Despite ax-wielding by new Research In Motion Ltd. (Nasdaq: RIMM) CEO Thorsten Heins to recover profits and market share, the BlackBerry maker as we know it, won't be around in a year, its biggest activist shareholder says.
Victor Alboini, whose Toronto-based fund firm, Jaguar Financial Corp., started buying into RIM last August and pulled in other investors such as Leon Cooperman's Omega Advisers, said he was encouraged by Heins's initial moves but wonders why he suddenly got religion.
Alboini spoke as RIM shares continued their surge after reporting an unexpected fourth-quarter loss Thursday, prompted in part by $621 million in charges Heins ordered in his first quarter as chief executive.
The stock rose more than 7 percent to close at $14.70 a share, up 97 cents. Alboini's Jaguar fund owns less than 5 percent of RIM, as does Cooperman's fund, filings with the U.S. Securities and Exchange Commission show. Other funds are also known to have acquired stakes of less than 5 percent.
RIM 'In Play'
The company is in play, Alboini said, whether as an enterprise or for its technology, including thousands of patents used to support its BlackBerry family of smartphones. The are currently more than 77 million subscribers for the device, which is favored by businesses.
The Canadian investor said he hasn't spoken to Heins, 54, a former RIM chief operating officer elevated to the CEO post on Jan. 22. Alboini said he has talked to several members of the company's board, but he wouldn't identify them.
In an earnings conferce call Thursday, Heins indicated RIM is open to strategic options, including a sale.
Alboini also said he knows RIM's new chairman, Barbara Stymiest, a former Royal Bank of Canada vice president but hasn't spoken to her recently.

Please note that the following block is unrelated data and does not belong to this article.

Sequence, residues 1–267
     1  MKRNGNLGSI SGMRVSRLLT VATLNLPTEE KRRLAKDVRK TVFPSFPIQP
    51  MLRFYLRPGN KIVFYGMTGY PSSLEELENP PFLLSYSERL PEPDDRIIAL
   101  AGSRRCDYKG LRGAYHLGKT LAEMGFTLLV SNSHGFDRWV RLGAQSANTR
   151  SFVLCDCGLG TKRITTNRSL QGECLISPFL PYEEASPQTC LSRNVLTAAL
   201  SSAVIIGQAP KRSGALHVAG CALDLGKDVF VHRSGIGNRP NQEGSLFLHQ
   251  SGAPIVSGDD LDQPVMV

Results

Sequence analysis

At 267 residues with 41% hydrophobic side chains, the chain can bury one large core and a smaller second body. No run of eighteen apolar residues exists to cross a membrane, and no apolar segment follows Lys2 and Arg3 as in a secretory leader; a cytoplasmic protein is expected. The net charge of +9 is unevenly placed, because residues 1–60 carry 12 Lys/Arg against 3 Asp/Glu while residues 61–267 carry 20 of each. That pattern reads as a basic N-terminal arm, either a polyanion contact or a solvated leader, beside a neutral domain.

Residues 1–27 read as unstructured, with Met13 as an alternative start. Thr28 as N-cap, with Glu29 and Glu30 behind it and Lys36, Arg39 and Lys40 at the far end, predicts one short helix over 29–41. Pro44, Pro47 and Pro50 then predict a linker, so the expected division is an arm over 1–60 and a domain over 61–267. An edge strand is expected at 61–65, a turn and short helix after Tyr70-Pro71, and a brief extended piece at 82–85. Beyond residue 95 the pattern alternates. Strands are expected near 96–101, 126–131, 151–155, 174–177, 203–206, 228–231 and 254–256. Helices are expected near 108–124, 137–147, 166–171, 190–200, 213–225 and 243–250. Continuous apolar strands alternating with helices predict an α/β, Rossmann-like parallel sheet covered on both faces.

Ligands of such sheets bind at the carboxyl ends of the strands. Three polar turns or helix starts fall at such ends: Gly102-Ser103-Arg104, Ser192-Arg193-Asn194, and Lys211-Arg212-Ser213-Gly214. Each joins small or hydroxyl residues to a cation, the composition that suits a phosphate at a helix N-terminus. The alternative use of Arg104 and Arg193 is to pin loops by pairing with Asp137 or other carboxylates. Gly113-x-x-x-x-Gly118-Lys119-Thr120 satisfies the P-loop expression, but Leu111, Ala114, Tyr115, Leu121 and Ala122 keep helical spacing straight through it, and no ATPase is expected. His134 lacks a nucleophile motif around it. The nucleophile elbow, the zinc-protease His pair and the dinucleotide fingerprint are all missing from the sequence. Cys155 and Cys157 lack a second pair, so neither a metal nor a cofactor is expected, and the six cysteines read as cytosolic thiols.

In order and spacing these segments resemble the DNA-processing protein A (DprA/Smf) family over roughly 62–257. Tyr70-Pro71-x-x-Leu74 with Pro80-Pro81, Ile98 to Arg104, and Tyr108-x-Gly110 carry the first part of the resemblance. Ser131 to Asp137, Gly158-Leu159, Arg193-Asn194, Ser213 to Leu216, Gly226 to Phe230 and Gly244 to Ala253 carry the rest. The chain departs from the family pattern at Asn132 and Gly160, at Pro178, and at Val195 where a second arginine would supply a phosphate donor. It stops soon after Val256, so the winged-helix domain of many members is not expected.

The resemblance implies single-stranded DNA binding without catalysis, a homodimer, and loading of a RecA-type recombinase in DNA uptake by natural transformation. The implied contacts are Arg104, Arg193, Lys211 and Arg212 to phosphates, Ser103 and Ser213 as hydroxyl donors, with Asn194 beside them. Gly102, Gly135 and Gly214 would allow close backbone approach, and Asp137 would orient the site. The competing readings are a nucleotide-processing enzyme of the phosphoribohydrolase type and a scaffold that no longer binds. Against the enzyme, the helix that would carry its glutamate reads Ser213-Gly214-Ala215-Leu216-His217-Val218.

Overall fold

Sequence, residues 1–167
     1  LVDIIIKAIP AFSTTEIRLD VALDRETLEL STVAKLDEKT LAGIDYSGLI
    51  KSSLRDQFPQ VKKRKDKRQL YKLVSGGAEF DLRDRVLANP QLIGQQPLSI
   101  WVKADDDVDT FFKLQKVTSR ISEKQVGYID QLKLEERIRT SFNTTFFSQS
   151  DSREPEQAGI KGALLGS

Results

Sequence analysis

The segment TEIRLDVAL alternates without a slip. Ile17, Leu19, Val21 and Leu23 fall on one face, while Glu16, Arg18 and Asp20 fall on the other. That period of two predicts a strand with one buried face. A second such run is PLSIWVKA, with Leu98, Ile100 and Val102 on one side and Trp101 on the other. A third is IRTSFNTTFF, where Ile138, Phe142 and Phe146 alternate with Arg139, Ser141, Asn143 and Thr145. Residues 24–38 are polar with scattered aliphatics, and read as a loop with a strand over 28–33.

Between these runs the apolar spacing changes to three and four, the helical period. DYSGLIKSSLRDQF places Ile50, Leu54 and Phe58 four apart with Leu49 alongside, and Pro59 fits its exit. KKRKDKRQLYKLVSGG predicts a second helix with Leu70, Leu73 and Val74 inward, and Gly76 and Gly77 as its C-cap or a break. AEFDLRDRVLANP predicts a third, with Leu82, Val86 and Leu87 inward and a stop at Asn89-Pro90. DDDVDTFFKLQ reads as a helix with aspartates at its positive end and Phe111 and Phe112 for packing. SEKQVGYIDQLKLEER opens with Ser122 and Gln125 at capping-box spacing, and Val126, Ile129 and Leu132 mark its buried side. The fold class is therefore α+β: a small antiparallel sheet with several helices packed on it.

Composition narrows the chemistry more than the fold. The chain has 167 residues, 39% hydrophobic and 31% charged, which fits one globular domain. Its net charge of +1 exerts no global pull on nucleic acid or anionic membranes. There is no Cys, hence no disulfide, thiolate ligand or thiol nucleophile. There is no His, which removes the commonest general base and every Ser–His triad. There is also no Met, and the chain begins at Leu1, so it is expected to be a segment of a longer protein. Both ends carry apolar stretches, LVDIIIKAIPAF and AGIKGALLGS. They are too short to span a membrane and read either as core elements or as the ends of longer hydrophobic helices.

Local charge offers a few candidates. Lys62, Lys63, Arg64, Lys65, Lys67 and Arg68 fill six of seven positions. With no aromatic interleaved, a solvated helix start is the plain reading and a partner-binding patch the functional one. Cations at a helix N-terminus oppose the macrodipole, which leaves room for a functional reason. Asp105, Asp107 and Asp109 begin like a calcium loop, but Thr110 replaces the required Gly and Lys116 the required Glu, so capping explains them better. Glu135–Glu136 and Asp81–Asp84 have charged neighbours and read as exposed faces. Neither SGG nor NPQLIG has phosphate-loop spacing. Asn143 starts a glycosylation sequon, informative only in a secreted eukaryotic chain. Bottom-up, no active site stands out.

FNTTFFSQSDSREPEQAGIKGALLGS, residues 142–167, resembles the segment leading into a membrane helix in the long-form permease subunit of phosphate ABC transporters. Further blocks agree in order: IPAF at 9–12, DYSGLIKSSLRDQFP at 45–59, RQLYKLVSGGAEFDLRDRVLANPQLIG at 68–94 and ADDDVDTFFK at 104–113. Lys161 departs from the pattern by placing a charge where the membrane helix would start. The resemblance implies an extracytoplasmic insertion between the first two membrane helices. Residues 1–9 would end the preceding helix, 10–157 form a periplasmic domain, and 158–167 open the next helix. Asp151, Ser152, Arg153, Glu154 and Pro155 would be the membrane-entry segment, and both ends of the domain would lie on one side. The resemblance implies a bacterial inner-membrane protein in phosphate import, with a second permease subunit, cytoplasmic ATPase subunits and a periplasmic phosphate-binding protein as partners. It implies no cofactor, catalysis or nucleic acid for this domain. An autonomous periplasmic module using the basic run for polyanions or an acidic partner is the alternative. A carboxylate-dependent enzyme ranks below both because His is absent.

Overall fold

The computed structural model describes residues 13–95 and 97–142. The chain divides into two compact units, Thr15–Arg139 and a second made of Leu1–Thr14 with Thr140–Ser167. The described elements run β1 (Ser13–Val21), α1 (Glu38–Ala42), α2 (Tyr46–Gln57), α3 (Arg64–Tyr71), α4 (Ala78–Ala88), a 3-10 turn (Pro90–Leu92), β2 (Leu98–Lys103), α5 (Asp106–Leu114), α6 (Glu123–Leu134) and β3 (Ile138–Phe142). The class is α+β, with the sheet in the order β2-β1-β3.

The dissident shareholder welcomed the departure of RIM co-founder and former co-CEO Jim Balsillie from the board, as the company announced Thursday. Alboini predicted that Balsillie's business partner and former co-CEO Mike Lazaridis will be gone in six months. Lazaridis, who remains the board's vice chairman, and Balsillie are still big shareholders of the Waterloo, Ontario, company they founded in 1984.
In another shake-up, RIM said Thursday that its chief technology officer, David Yach, is retiring and that operating chief Jim Rowan had left the company.
Core Of The Company
Alboini said he welcomed Heins's approach to partnerships, patent sales and other parts of an ongoing strategic review. He said RIM's operating-center technology and patents that support the BlackBerry network could prove the most valuable part of the company.
That technology might be valuable to a rival such as Apple Inc. (Nasdaq: AAPL), whose iPhones hastened RIM's market-share collapse, or to enterprise-software companies including International Business Machines Corp. (NYSE: IBM) and Germany's SAP AG (NYSE: SAP).
Also, if the company still hopes to make its PlayBook a force in the tablet market against the iPad, it might partner with South Korea's Samsung Electronics Co., he said.
Meanwhile, Alboini said, a solo bidder who offered $30 a share for the company would have to be heeded, considering its $20 book value and customer base. He said the Canadian government might rebuff an approach by a foreign bidder but considers that unlikely.
Alboini started buying RIM shares last August, when they were priced around $26.69.